Encourage Students to Write, Educators Told, as Blooming Minds Rewards Creative Writers

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By Uchechukwu Nnaike

The Organiser of Blooming Minds Young Writers Awards, Mrs. Thelma Ofosu-Asamoah, has advised educators to encourage their students to write creatively by introducing series of activities that would arouse their imagination and interest, apart from regular school work and exams.

Ofosu-Asamoah, who said this during the presentation of prizes to winners of the fifth annual Blooming Minds Young Writers Awards in Lagos recently, added that students could be tasked to observe the happenings in their environment and write about them. This she said would help them to be observant, imaginative and to think creatively.

According to her the creative writing competition, sponsored by Genesis Energy, which started in 2017, is aimed at raising young African leaders by recognising and rewarding children with creative abilities in writing and arts. The awards are held in Ghana and Nigeria.

“It is all about getting children to be analytic, to be more research-driven by looking within their communities and creating stories from their everyday experiences in life. It is about them owning their narrative, promoting African literature as opposed to looking at other people’s culture and thinking that theirs is better than ours. But if they are able to appreciate their everyday life it makes it alot easier.”

She said the students are not given any particular topic, they are rather asked to go into their communities, observe what is going on and write about it. This year however, she said the competition focused on COVID-19, the students were asked to write about their experiences during the pandemic.

Ofosu-Asamoah noted that the competition will help improve students’ academic performance because writing builds their vocabulary, as they learn to use new words through constant reading and writing.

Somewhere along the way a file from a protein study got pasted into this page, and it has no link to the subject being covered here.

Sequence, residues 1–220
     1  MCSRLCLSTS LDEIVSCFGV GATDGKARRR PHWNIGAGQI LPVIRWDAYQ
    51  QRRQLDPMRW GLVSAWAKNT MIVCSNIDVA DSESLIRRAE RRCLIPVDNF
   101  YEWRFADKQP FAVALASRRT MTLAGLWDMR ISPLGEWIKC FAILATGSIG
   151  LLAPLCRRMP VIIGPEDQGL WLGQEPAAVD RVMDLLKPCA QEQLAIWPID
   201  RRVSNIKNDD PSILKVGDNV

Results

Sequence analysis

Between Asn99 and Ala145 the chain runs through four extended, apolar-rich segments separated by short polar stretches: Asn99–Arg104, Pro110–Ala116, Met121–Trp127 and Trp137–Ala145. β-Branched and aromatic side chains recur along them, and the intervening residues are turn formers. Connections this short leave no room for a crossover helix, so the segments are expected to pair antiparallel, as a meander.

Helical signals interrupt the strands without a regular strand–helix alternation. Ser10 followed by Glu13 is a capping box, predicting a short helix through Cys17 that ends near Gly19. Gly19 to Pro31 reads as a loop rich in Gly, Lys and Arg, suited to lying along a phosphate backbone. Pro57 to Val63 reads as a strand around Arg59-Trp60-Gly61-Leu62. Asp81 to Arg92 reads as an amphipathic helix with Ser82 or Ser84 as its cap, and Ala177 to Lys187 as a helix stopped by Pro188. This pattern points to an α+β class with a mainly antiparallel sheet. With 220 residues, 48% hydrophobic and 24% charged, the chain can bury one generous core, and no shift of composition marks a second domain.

She appealed to the government to support the organisation by making it easier to access public schools, as well as by building hubs where children can go for creative writing workshops.

The competition was organised in two categories: Category A 10-15 year-olds while category B is for children from six to nine years old.

In Category A, a senior secondary one (SS1) student of Ansar-Ud-Deen College, Isolo, Lagos, Maryam Shiyanbade emerged winner and received a cheque of N100,000; the first runner-up, Adaobi Okonkwo got N80,000; while the second runner-up, Nofisat Awwal got books and other prizes.

In category B, a year four pupil of Chrisland School, Lekki, Michael Imogu emerged winner and got a cheque of N50,000; the first runner-up, Chinelo Chimelugo received N25,000; while the second runner-up, Emmanuel Edmund got books and other prizes.
Shiyanbade, who expressed delight at emerging the winner in her category, said she wrote about how COVID-19 affected her and her community.

She when schools were shut and they had to resort to online learning, sometimes poor network connection or inadequate data will make her miss classes. Also, COVID-19 led to job loss and increased poverty and crime rate in the community.
Imogu on his part said he wrote about how COVID-19 spreads and advised children to follow the guidelines to check the spread of the disease.